Residents gather to protest post office closings

Pensions tied to possible closings

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By LA RISA LYNCH

Garfield park-A proposal by the United States Postal Service (USPS) to close 11 city post offices including five on the greater West Side drew the ire of nearly 300 residents and postal employees who packed a basement of a West Garfield Park church Tuesday night.

Many residents questioned the Postal Service's decision to close post offices in low-income black communities, leaving residents with few options to buy stamps or money orders.

"Every time they need to cut something, they come right here on the West Side," said Rickie Brown Sr., of the West Side Historical Society.

The West Side, he added, has seen the closing of its public aid office, a utility payment center, the removal of blue postal mailboxes and now jobs.

"The post office has historically been a staple of Black jobs in our community, and now you are talking about taking that," Brown said.

He spoke during a town hall meeting on the post office closings at New Mt. Pilgrim Baptist Missionary Church, 4301 W. Washington. Congressman Danny K. Davis hosted the meeting, which lasted three hours.

But USPS officials, including Chicago District Manager and Postmaster Karen Schenck stressed that a federal mandate requiring the post office to pre-fund future retirees' health benefits until 2017 has put the agency in a financial noose. The Postal Service must pay out of its operating budget between $5.3 to $5.8 billion annually to pre-fund retirees' pension funds.

That financial noose is forcing the post office to shutter branches across the country - 3,000 facilities in all - to close a $20 million deficit. Schenck said the post office is conducting a feasibility study to determine which facilities to close.

No decision has been made, but USPS will base its decision on customer traffic, retail sales and proximity to other postal facilities. In the Chicago district, USPS wants to close 14 post offices - 11 in the city and three in the suburbs.

Schenck contends some of the postal facilities will close, but not all. Before the final decision is made, Schenck said the Postal Service will have another community meeting.

"Bottom line, we are in a financial crisis situation," Schenck said. Compounding that crisis is a 25 percent drop in mail volume, she added.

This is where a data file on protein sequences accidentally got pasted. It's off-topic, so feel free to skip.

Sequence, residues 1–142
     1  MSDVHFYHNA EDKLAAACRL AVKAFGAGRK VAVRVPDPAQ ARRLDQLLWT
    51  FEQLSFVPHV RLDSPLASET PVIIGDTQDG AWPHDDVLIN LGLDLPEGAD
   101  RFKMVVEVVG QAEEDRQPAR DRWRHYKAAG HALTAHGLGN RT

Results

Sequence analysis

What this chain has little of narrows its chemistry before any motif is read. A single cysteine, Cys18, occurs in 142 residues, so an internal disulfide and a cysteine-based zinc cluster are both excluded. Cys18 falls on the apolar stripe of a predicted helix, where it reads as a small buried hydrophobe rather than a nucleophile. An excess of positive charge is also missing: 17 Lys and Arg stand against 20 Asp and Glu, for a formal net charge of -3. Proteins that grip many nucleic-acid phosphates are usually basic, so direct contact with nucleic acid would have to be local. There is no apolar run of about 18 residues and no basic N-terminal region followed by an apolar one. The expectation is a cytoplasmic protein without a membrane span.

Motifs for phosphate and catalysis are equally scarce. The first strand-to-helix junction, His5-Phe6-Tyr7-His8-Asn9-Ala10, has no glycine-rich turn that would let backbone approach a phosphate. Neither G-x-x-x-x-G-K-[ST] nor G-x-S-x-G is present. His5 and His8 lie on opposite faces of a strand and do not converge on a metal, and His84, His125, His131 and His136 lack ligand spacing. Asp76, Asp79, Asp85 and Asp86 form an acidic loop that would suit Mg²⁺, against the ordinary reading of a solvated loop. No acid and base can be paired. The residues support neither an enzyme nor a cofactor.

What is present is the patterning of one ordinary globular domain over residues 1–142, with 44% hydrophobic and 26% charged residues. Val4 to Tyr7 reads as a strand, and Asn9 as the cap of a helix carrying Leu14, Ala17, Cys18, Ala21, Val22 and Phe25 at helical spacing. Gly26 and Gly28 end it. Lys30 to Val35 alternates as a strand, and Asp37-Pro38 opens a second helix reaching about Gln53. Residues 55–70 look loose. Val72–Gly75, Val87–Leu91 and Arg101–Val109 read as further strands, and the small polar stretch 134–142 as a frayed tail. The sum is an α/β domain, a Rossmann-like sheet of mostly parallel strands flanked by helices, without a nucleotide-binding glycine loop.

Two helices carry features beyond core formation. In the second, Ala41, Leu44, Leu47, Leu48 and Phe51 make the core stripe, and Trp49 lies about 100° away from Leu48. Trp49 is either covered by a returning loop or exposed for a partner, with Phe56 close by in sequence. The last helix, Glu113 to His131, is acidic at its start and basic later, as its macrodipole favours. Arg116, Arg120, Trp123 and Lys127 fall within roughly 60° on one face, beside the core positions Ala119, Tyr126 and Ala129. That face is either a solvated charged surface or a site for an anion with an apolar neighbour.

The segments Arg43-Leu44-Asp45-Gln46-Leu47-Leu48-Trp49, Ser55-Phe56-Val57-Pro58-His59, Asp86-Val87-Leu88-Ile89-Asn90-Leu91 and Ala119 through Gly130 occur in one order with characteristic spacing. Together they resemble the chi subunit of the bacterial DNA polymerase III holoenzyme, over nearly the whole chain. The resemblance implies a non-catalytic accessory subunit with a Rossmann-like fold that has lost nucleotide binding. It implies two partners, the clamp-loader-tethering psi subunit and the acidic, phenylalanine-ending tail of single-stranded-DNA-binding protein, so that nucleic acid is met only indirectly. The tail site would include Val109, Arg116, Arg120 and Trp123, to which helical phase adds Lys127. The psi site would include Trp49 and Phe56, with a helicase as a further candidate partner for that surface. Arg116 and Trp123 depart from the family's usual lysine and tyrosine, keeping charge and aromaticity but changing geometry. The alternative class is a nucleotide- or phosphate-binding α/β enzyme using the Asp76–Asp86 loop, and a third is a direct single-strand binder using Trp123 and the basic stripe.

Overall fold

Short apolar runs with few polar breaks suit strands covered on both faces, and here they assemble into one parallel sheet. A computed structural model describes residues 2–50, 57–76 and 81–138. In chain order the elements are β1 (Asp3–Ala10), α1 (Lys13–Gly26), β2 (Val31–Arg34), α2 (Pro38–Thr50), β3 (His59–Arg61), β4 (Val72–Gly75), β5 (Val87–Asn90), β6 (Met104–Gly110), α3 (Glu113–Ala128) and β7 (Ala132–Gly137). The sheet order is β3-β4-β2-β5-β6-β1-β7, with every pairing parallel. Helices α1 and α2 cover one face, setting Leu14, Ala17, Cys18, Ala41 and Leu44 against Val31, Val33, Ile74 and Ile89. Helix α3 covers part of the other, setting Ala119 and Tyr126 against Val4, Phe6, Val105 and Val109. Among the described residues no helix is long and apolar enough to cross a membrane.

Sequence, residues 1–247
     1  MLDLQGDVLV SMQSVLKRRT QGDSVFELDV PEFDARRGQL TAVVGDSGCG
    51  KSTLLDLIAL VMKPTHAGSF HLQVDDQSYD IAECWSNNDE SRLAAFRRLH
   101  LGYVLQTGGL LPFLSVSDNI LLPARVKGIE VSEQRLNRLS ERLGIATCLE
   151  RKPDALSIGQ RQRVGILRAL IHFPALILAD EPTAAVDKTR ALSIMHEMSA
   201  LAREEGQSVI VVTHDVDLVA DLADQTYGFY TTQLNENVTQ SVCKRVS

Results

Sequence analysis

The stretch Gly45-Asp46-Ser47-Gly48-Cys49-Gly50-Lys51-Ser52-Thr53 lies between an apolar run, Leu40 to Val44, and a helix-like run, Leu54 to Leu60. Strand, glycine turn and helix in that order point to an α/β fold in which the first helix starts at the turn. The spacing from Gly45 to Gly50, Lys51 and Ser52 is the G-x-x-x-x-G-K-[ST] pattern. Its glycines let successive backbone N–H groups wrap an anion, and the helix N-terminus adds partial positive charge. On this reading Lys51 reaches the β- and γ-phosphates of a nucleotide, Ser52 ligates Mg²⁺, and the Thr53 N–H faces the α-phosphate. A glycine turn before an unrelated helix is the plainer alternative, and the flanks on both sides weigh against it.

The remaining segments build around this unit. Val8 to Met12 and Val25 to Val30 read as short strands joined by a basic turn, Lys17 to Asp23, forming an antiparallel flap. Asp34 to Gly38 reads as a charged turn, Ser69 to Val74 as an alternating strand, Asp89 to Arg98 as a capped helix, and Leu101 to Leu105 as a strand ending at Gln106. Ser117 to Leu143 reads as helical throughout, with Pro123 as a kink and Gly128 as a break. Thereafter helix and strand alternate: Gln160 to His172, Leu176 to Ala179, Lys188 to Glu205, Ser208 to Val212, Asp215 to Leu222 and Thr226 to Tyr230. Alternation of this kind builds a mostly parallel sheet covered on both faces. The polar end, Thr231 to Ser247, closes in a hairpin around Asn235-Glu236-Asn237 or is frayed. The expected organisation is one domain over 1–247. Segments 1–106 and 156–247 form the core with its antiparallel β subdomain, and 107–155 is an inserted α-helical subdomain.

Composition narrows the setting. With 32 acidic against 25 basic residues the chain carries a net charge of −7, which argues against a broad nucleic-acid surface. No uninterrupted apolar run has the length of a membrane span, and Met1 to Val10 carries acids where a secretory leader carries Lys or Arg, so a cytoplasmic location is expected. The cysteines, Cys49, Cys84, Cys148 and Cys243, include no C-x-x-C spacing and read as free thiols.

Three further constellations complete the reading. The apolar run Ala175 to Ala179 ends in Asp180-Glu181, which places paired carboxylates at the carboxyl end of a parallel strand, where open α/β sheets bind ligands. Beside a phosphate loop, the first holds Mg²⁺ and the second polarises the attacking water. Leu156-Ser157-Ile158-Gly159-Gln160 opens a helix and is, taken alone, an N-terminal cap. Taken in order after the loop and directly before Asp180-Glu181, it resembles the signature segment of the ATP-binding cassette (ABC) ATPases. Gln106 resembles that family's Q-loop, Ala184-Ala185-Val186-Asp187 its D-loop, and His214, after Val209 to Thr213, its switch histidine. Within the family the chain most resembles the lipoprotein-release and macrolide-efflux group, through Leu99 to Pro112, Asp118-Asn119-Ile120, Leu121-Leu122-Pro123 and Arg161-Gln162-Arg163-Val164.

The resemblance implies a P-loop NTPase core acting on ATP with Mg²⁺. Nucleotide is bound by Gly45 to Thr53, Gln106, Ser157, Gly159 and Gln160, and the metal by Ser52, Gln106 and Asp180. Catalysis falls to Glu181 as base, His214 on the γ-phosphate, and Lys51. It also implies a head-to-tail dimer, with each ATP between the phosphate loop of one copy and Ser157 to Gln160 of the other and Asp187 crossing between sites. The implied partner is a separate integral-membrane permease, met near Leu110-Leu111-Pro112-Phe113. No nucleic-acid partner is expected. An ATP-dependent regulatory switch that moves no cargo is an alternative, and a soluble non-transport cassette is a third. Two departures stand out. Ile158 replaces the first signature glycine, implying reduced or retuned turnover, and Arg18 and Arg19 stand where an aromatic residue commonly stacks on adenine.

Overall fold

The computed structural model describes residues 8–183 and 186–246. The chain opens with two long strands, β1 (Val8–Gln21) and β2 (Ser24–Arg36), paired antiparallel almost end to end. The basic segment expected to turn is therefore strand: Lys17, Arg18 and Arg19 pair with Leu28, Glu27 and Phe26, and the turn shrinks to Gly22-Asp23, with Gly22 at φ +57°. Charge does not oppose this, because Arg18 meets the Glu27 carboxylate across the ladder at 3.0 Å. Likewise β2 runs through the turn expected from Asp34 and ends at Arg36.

Mack I. Julion, Branch 11 president of the National Association of Letter Carriers, attributes the Postal Service's financial woes directly to the federal mandate, which he said requires USPS to pay future retiree's health benefits who are not even born yet. That expense, he explained, accounts for "100 percent of the deficits that the Postal Service has right now."

"This mandate is what is killing the Postal Service right now,"  he said, noting that there is a measure, House Bill 1351, in Congress to eliminate the pre-fund mandate. Postal Service is the only agency publicly or privately mandated to pre-fund future retirees' pension benefits.

"If not for this mandate, the Postal Service would have realized a $1 billion profit - that is with all these post offices in the inner city, in rural communities and with six day service," Julion said.

But he added the bill is on lockdown in a Republican controlled House committee.

"Our message is this, there is no need to close post offices," Julion said. "There is no need to cut services. All we need is for Congress to give us back our money."

Postal worker Rip Simpkins agreed. Simpkins works at the Rev. Milton Brunson Station, 324 S. Laramie, one of three Austin post offices facing possible closure.

Simpkins said the money used to pre-fund pension is surplus money that is just sitting there. He said that money could be used to erase the deficit. He noted, if his facility is closed, residents may have to travel farther for service or experience delays in getting their mail.

Donald Nichols, USPS's executive manger of post office operation, said House Bill 1351 is not a panacea for the Postal Service's financial woes. He said even by the year 2015, the post office could still be operating at a loss because of how the system is structured.

"We have more post offices than McDonald's, Walmarts and Starbucks all put together," Nichols said. "Even if we are no longer pre-funding retiree health benefits, we are still going to have to change the look and scope of our organization."

Part of that change may include downsizing the post office. The Postal Service wants to use the "village post office" system more. This would allow retail stores like Walmart and corner drug stores to sell stamps and priority packages. The idea did not sit well with residents and postal workers alike.

"If you are going to continue to do this, that's taking away jobs," said letter carrier Yolanda Nash.

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